Plaintiff claims that defendants deprived him of his right to be in the classroom, to continue delivering his lecture, to move freely inside and outside of the classroom and on the campus, and the right to preserve his reputation and be portrayed as a law abiding person. (See Pl.'s Opp'n 17.) Plaintiff's § 1983 claim is clearly tied to his claims for false arrest and imprisonment (Count II) and invasion of privacy for false light (Count III). As to the claim for false arrest and imprisonment, the elements of a constitutional claim for false arrest are substantially identical to the elements of a common law false arrest claim such that the "constitutional claim cannot stand if the common law claim fails for lack of sufficient evidence." Weishapl v. Sowers, 771 A.2d 1014, 1023 (D.C. 2001) (quotation omitted). Regarding plaintiff's invasion of privacy for false light claim, where plaintiff has failed to show "an unreasonable and serious interference with protected interests," Jackson v. District of Columbia, 412 A.2d 948, 954 (D.C. 1980) (citation omitted), he has neither a constitutional nor a tort law claim. For reasons stated in the sections below, this Court finds that plaintiff's claims on Counts II and III are wholly without merit. As such, plaintiff has failed to establish that he was deprived of any right secured by the Constitution or the laws of the United States and his claim under § 1983 therefore fails.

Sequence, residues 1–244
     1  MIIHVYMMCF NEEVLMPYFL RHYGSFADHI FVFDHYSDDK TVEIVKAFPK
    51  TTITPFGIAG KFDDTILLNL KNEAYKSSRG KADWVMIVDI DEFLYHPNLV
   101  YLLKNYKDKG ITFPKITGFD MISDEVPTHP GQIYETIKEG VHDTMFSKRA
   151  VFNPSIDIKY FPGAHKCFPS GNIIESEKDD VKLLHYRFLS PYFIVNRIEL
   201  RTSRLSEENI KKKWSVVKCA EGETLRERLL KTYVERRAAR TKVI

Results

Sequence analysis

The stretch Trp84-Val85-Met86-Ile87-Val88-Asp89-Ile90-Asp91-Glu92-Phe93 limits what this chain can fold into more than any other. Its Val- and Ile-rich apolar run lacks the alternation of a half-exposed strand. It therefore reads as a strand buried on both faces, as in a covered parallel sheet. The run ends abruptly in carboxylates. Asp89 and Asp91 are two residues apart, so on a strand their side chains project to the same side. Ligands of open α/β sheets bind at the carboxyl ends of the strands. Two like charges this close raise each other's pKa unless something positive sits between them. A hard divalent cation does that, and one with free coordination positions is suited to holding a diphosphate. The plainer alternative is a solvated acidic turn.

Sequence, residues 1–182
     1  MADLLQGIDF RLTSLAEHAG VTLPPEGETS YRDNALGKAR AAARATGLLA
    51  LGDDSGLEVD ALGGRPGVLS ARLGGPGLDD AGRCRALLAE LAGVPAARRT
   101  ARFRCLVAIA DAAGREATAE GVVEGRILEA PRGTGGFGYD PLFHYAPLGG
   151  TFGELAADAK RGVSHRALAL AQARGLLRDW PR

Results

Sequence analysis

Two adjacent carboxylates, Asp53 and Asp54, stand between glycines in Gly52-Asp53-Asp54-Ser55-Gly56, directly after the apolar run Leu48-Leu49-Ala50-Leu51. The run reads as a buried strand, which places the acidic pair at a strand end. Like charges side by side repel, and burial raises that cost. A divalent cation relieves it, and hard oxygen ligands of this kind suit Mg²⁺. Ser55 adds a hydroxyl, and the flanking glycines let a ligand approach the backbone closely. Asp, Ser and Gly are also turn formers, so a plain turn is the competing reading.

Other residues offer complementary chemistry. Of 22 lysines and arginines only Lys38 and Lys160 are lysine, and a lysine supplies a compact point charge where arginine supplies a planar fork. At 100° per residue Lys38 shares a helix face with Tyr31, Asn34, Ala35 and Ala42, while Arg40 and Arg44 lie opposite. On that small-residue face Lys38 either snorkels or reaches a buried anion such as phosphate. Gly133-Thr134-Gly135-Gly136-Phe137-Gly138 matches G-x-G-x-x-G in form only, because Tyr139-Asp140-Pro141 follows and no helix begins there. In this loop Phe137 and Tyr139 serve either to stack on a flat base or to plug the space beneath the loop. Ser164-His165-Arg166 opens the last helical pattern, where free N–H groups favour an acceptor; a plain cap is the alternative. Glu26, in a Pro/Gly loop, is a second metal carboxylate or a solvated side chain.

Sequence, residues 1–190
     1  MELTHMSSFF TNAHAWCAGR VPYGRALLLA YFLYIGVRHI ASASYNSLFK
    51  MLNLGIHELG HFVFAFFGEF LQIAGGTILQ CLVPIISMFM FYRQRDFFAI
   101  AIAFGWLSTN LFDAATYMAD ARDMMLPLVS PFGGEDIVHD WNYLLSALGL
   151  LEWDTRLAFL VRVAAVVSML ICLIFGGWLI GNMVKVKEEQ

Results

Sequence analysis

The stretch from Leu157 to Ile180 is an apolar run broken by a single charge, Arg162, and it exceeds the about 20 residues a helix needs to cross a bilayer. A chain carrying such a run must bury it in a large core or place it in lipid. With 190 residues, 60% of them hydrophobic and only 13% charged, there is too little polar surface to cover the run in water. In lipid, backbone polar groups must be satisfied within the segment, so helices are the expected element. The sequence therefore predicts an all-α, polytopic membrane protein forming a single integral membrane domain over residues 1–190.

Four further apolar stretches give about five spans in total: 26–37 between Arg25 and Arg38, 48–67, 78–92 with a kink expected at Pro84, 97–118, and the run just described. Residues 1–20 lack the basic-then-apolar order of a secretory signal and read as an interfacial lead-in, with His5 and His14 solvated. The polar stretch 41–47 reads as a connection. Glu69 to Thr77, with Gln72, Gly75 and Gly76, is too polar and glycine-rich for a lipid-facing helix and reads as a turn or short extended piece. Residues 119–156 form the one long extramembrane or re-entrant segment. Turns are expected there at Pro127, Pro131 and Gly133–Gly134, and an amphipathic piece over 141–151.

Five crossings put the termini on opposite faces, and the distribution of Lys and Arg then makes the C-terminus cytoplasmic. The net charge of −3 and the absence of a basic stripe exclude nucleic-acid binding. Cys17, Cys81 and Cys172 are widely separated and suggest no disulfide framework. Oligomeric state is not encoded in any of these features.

Summary judgment as to Count I of plaintiff's First Amended Complaint will therefore be GRANTED.

C. Count II: False Arrest and Imprisonment